Pulling in different directions The deep divide

It should be apparent to all. The divide now is deep. From the deep social divide when the hill people (Haos) were taken as a group of people to be kept at arms length by the valley dwelling people, the Meiteis/Meeteis, it has today come to mean a significant political divide too, best exemplified by the demand raised for a Greater Lim championed by the NSCN (IM) under the leadership of Thuingaleng Muivah. That New Delhi has given a thumbs up sign to the ‘uniqueness of the Naga history’ is another point for the aggressiveness seen behind the call for a Greater Lim. The only issue here is, the history of everyone or every community is unique and seen in this context there should be nothing much in the recognition of the uniqueness of the history of the Naga people. Everyone’s history is unique is the bottomline and if New Delhi recognises the uniqueness of the history of the Nagas, then the history of Manipur too stands out uniquely. It was this point which was underlined in the address of Union Home Minister Amit Shah a few days back when he recognised the fact that Manipur had her own written history before it merged with the Union of India. It was this point which led New Delhi to rename Mount Harriet in Andaman and Nicobar Island as Mount Manipur. Now if this is not in recognition of the unique history of Manipur then what would be more unique ? The interesting question is, ‘Is it a question of this uniqueness which is fomenting the deep divide between the Nagas and Meiteis of Manipur ?’ As in every year, Mera Houchongba was celebrated on a grand scale on October 20, underlining the spirit of oneness between the people of the hills and the valley and this is where the question of what has happened since the days of the Kingdom and now, with many in Manipur observing with interest the development in the peace talk between the Government of India and the NSCN (IM) ?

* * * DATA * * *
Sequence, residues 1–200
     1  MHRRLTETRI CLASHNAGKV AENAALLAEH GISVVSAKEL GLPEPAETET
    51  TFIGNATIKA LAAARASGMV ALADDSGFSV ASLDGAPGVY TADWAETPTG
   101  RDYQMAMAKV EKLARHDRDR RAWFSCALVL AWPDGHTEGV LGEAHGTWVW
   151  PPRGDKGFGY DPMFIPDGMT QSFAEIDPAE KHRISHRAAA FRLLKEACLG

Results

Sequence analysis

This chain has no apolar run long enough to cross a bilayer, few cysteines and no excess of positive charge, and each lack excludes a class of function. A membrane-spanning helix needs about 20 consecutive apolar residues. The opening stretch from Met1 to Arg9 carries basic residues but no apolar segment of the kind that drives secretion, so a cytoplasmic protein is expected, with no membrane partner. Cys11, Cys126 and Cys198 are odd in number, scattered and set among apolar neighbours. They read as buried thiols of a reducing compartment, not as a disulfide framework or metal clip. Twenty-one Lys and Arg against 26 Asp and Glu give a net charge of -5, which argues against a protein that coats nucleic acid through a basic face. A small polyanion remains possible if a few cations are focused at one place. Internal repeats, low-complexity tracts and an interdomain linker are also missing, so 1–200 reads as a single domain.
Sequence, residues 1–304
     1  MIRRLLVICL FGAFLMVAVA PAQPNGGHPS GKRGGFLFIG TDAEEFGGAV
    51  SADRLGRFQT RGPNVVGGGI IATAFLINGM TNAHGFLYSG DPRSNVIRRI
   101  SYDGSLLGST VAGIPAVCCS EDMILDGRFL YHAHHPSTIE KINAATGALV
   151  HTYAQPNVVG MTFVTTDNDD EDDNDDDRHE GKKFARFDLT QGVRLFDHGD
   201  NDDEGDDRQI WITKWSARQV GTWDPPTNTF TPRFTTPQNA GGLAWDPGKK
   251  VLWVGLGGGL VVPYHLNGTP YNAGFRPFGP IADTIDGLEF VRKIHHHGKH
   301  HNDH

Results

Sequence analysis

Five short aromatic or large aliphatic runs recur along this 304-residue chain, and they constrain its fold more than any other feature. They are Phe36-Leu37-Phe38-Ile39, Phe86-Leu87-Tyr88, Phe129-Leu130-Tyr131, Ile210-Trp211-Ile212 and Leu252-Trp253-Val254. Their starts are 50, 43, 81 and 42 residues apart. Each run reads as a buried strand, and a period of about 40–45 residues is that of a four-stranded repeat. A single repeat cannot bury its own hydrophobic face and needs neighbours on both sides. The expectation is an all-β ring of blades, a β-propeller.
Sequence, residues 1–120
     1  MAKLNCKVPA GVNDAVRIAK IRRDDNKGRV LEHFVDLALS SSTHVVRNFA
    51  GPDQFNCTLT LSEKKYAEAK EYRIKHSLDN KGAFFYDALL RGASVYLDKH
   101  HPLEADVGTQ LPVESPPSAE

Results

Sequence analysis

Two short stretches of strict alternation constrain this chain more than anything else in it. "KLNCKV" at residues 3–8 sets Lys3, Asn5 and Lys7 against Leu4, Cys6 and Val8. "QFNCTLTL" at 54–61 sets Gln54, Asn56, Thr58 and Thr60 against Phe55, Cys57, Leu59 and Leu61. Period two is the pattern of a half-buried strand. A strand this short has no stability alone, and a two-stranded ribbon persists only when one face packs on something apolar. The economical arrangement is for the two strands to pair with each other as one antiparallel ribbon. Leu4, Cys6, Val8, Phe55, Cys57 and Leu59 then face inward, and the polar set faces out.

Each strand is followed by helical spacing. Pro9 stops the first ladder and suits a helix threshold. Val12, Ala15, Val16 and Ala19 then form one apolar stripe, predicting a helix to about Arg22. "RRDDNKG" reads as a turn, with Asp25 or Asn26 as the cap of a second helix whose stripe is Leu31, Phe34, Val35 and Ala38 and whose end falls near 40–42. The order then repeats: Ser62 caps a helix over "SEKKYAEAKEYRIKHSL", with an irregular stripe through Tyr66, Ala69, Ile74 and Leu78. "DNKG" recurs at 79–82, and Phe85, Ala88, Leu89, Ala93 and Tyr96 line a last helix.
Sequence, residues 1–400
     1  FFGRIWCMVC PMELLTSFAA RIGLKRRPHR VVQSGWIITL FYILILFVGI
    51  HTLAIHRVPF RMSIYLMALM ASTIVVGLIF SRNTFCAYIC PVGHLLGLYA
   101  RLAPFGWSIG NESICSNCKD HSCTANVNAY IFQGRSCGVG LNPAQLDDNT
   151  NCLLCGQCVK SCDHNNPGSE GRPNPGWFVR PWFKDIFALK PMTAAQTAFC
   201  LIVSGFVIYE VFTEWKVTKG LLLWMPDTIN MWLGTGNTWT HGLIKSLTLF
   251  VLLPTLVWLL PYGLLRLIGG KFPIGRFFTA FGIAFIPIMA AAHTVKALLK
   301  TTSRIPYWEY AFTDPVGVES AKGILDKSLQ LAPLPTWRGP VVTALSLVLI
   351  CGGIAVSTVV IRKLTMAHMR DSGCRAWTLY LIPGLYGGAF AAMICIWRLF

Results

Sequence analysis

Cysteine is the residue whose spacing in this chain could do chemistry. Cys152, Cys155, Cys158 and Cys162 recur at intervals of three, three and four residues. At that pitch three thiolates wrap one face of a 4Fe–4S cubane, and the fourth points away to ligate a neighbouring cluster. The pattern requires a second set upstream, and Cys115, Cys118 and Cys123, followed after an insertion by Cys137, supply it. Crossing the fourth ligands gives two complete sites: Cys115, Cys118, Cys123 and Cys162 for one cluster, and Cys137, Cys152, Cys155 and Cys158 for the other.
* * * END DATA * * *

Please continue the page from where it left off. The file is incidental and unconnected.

The question is, ‘Is the annual observation of Mera Houchongba’ just an event on the calendar with its significance lost on the people ? Or is it a question of the said day gaining in importance since the Lim demand continues to hang over the head of everyone ? In two weeks or so, Manipur will celebrate Ningol Chakkouba. As in the previous years, one may expect to see many social organisations inviting women from the hills to a grand lunch complete with all the gifts, all resting on the slogan that the hills and valley are one and they are brothers and sisters. The question is whether this spirit of oneness is confined to only one day in a year or whether it has managed to percolate into the consciousness of everyone. These are questions which The Sangai Express has been raising very often but so far no meaningful answer has been forthcoming from the numerous civil society organisations which are otherwise very active. To bridge the gap, the answer should lie in first accepting the fact that the divide between the hills and the valley runs deep and has taken a deep political hue and the perhaps the first step should be to bridge the social divide. For starters let it be clear that the derogatory understanding of the term Hao is misplaced and let it also be clear that the hill people are much more closely aligned with the Meiteis than with the people of Nagaland.